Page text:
OTTAWA, March 29, 2011 (CCRL) – Just days into the official campaign for the federal election May 2, there is no shortage of information and opinion in the media about issues such as the economy, the environment, health care, military commitments or foreign aid.
Issues with a clear-cut relationship to Catholic teaching concerning the right to life or the dignity of the individual do not loom large on the radar screen at the present time. Nevertheless, some did emerge in the most recent Parliament. For the information of our members, here is some background about issues where the League is particularly knowledgeable.
Bill C-389, which would have added “gender identity” and “gender expression” to the list of prohibited grounds for discrimination in the federal human rights code and Criminal Code, was passed by the House of Commons in February but died on the Senate Order Paper with the election call. The League’s aim was not to deny anyone their fundamental equality, a principle which no Christian should ever question. Rather, our objection to C-389 was the addition of a very subjective category to what has historically been an objective set of criteria for bringing human rights complaints.
Further information: Addition of gender identity to human rights law is of concern, says League. How they voted: From Hansard, February 11, 2011.
Roxannne’s Law to prevent coercion in abortion caused some disagreement within the pro-life movement as some were dissatisfied with its exemption for abortion providers and arguably narrow focus on those unborn children whose mothers face pressure and coercion to have abortions they would not otherwise have had. The League believed the proposal drew needed attention to a neglected area of the abortion issue, and would have preferred to see it passed to a committee stage where any problems with the bill could have been addressed. It was voted down 178-97 (29 abstentions) on second reading December 15, 2010.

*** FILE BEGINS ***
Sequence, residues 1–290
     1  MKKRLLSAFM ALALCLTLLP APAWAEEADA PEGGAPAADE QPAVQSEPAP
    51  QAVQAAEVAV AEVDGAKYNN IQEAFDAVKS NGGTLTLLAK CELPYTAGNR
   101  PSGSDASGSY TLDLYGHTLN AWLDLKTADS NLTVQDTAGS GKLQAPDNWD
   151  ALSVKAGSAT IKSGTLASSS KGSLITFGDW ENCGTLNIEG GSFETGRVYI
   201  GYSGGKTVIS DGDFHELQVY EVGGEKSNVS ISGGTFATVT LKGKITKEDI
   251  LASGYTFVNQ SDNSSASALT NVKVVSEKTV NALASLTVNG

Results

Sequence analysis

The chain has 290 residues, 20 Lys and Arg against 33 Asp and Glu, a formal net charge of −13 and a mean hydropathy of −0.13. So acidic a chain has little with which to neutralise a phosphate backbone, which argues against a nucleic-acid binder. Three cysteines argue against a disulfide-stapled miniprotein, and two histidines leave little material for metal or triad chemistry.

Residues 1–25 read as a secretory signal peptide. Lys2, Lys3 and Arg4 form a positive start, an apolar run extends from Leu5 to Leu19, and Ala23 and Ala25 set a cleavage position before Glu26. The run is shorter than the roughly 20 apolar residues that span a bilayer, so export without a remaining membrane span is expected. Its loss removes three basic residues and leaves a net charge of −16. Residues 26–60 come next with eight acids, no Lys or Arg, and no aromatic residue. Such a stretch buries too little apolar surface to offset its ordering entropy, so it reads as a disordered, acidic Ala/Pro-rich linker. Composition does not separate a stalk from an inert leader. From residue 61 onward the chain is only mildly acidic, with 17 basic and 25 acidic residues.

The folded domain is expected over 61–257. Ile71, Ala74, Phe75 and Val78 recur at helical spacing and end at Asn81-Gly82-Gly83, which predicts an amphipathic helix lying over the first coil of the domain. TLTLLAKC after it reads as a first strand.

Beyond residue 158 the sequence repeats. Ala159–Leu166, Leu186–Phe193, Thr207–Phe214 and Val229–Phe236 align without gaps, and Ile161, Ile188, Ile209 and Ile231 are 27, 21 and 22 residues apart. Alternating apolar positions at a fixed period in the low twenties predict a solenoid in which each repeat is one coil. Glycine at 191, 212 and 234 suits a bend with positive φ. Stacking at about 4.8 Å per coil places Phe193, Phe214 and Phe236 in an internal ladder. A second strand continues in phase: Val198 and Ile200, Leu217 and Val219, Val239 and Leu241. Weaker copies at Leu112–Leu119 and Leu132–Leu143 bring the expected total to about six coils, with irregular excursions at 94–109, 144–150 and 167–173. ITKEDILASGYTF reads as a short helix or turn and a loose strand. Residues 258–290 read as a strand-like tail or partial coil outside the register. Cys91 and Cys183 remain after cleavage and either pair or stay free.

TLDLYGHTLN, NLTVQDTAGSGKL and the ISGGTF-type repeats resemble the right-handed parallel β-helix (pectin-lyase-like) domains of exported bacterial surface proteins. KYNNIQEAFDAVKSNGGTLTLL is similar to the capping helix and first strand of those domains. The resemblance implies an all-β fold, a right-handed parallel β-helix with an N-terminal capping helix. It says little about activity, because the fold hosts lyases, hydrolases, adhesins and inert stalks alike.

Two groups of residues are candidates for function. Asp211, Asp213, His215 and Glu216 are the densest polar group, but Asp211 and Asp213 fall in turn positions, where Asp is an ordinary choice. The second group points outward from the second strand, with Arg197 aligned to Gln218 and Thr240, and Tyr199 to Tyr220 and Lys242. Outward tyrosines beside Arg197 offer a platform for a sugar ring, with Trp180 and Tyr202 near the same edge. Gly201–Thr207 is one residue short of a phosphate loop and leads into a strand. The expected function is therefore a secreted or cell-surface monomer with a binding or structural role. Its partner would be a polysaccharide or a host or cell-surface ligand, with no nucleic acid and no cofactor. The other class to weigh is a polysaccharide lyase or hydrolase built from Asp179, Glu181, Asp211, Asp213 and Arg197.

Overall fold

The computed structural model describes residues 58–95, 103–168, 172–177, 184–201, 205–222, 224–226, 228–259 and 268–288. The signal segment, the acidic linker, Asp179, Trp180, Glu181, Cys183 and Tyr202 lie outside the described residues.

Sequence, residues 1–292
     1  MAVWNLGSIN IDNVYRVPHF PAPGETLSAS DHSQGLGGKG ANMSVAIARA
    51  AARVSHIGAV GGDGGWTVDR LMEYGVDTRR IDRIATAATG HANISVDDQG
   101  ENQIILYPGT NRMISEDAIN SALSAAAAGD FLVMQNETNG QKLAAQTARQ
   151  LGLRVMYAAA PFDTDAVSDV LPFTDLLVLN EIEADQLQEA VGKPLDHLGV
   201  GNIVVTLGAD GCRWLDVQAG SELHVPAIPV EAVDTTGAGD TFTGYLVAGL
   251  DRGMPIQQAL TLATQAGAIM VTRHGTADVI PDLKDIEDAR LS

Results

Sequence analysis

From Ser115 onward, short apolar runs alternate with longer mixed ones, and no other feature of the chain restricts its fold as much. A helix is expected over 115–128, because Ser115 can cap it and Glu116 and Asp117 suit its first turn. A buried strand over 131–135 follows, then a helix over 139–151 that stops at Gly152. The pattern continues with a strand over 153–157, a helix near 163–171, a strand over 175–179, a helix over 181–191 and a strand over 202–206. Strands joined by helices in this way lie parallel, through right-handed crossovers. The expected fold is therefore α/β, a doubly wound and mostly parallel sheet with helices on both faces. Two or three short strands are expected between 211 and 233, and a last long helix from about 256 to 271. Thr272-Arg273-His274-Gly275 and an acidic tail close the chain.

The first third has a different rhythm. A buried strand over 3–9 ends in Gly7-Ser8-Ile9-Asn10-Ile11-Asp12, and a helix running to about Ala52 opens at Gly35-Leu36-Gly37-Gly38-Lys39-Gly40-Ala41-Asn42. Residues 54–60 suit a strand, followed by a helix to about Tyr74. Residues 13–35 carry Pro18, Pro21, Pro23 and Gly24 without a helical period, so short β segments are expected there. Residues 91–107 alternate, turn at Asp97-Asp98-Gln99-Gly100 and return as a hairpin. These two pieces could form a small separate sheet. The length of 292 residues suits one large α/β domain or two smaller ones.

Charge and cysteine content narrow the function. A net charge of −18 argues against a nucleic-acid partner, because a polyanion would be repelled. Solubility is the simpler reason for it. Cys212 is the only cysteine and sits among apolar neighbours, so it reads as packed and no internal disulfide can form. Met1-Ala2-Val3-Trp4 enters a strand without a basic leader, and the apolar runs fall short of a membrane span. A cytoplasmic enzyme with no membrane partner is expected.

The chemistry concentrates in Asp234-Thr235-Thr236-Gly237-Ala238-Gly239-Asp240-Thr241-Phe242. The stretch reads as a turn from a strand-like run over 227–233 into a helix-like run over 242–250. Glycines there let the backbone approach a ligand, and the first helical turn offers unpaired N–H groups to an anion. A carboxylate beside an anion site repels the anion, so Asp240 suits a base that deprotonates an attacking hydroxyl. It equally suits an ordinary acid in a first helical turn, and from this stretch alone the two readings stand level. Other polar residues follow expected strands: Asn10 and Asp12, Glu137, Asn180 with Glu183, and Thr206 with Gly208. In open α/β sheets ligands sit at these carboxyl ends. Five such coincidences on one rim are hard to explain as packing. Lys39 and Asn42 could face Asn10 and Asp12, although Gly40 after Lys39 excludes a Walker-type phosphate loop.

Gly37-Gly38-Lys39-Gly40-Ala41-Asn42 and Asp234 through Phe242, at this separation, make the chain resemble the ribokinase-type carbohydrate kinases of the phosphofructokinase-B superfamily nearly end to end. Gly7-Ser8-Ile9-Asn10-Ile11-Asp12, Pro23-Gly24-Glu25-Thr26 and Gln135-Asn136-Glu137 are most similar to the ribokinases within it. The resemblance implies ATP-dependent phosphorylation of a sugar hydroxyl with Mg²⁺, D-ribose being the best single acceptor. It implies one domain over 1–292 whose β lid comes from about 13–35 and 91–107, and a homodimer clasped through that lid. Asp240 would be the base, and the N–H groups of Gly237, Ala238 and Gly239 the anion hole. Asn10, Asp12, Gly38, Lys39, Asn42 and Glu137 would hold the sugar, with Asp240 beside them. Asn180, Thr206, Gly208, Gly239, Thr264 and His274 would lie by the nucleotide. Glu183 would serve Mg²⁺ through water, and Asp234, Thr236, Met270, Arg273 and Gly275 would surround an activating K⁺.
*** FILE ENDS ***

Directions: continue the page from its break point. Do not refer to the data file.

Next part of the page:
The Maternal Health Initiative, Canada’s contribution to the G-8 program for international development, was meant to focus on providing health care for women and their children, especially through the provision of medicines, clean water and clinics. Before long it became a lightning rod for abortion activists, in Parliament and in the media. While the League was glad that a motion to fund abortions under the program was defeated, we noted that it was a minor victory given that funding is provided within Canada for abortions at any stage of pregnancy.
Bloc MP Francine Lalonde again introduced a private members’ bill (C-384) to liberalize Canada’s laws on physician-assisted suicide. It was defeated on second reading, but the debate helped raise awareness of the need for more and better palliative care facilities in Canada. The League submitted a brief to the all-party committee struck to study the question. The Bill may also have played a role in educating people about what is really meant by euthanasia and assisted suicide; both refer to direct acts committed with the purpose of ending life, not to simply letting nature take its course. A poll taken in November found a slight decline in support for euthanasia.
Of less prominence in the most recent Parliament, but still of concern to the League, the public expression of religious belief on contentious topics can still be challenged under Section 13 of the Canadian Human Rights Act (CHRA). Cases appear to have been put on hold since one of the Canadian Human Rights Commission’s own commissioners in 2009 declared Section 13 to be in violation of the Charter, but the CHRA itself has not been changed.
The League has repeatedly asked for the repeal of Section 13, in calls to the Prime Minister and Justice Minister. Any limitation on a Charter right such as free speech should be heard in a true court, not a tribunal designed to resolve disputes in workplaces and the provision of goods and services.
Review of Section 13 greatly needed.
CHRC findings inadequate, says League
This is by no means an exhaustive list of issues that may be of interest to our members. The Canadian Conference of Catholic Bishops has released a voters’ guide that includes suggestions on the right to life and a wide range of social justice concerns. The non-partisan website How’d they Vote includes an easily-searched list of all Bills presented in the most recent Parliament.
– From our March electronic newsletter. Subscribe now.
Election issues brochure from Real Women of Canada